All that was running through my head while I drank some of the crappy lounge coffee and watched auditions for ‘Deuce.’ I was sitting behind a long table at one side of a large multipurpose room. Trey was sitting next to me. She was in her white pants and blood red polo shirt with the three white heart logo combo. She had folders and head shots in front of her. She had lists and numbers and notes on 3×5 cards. She had a battered heart shaped ash tray and her blinged out clamshell phone sitting on the table too. It was practically the Cheshire Kittens auditions all over again. One by one women were coming in, talking about themselves and showing us what they had — and since that involved athleticism there were mats on the floor.
And I was beginning to understand what Tabby and Zephyr were talking about back in the day. Because just as Trey had predicted these applicants — all sent over by the Guild — were good, but they clearly weren’t Hearts.
The woman in front of us was a case in point. We’d seen eight or nine before her, but she stuck out because she was the specific head shot that Trey had shown me the day before. The one who ‘looked great on paper because she was well trained in martial arts, knew some dance, and even had some stage magic.’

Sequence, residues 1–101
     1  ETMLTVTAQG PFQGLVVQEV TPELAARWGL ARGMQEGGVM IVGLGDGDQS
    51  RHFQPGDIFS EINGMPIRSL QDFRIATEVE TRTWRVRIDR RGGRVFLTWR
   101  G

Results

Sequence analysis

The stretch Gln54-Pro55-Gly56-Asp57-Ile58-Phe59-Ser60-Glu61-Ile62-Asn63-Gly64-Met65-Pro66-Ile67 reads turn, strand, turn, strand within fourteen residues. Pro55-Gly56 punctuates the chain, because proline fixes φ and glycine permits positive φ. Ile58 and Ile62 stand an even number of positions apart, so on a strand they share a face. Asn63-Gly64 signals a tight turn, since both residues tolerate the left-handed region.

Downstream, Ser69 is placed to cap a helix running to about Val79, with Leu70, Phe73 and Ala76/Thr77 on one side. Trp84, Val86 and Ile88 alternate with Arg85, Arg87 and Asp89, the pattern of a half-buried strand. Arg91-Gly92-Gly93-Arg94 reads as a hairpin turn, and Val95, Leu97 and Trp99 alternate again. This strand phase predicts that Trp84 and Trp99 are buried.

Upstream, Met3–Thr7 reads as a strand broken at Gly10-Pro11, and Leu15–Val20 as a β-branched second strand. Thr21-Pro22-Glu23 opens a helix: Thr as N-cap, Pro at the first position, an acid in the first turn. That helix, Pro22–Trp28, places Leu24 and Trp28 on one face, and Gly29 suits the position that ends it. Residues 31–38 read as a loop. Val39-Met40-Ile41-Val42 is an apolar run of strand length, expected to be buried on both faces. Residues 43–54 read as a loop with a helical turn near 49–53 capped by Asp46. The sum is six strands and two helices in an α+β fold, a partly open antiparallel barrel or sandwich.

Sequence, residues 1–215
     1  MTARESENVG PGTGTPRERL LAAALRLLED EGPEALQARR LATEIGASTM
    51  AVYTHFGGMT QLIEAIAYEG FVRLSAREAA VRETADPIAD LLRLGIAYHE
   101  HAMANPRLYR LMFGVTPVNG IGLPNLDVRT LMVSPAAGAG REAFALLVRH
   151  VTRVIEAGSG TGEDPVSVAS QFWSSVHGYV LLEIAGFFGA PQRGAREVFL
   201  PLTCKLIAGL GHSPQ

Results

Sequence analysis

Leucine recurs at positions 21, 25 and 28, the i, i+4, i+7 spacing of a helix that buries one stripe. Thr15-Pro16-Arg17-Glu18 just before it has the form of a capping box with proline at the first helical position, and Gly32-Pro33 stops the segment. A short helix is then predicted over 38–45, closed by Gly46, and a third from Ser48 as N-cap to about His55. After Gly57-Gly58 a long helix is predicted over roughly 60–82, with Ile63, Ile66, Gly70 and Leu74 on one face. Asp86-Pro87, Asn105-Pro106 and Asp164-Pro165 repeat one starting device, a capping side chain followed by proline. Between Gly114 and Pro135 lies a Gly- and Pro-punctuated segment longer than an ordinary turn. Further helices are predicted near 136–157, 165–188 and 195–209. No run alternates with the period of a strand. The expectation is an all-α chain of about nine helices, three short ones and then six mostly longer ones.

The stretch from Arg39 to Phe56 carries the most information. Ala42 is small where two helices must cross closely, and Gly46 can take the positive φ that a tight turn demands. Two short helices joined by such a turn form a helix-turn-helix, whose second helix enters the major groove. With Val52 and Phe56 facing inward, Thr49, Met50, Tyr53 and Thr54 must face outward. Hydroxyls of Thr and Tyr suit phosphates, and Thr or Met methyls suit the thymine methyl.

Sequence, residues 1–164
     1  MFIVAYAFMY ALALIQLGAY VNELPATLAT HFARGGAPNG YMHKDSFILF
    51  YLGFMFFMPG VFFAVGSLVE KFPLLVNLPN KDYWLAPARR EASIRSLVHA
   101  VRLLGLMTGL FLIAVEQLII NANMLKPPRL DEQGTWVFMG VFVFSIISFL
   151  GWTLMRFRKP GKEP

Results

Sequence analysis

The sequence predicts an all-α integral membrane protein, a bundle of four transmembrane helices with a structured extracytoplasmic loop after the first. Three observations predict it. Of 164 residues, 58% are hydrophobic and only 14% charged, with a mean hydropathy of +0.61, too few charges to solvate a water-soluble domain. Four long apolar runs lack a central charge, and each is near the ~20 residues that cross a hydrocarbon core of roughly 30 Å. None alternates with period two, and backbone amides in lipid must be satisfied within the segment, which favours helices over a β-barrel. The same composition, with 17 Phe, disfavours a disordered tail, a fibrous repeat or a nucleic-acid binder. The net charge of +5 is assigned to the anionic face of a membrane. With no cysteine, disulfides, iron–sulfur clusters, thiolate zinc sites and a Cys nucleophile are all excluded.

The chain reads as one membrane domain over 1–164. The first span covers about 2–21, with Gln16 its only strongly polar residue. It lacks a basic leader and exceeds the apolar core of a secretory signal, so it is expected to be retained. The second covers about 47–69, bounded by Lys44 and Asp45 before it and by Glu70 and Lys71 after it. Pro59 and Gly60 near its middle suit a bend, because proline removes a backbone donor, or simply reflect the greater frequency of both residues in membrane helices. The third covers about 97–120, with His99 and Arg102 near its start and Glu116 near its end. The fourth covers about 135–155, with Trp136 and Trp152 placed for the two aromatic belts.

Watching her go through katas in front of us now… I could see what Trey meant. She clearly wanted to be watched. She clearly wanted the job. She clearly wanted any number of things.
She didn’t look like the kind of person who’d drink the kool-aid. At least, not without some effort. She had too much sense of self. Too much discipline. And how could a professional hench not have discipline? It almost seemed like the people who’d be good enough to be sent by the Guild in the first place would automatically not work out as a Heart.
Trey was being cordial, which was weird in its own way. “Thank you,” she said, as the hench finished. “You say you’ve got some lockpicking?”
“Yeah,” she said. “From my time with the Horologist.”
“Of course. Hm. Take off your shirt.”
That made me blink. She hadn’t asked any of the others to do that.
The hench didn’t blink. She just peeled her shirt off. She had a sports bra on underneath. She was pretty heavily tattooed — I remembered Trey didn’t like tattoos, because they made it harder to rebrand them as a Heart.
She did so.
Trey nodded slightly. “You can put that back on.” She made a couple of notes, and slipped a card out of a box. It was the size of a business card, but had a seven of diamonds printed on one side. “Here,” she said, offering the card to the hench.
The woman walked over, accepting the card. “What is this?” she asked.
“Give that to reception, and tell them Trey said you should talk to Grace.” She smiled more broadly. “And thanks for coming in. We’ll keep you informed.”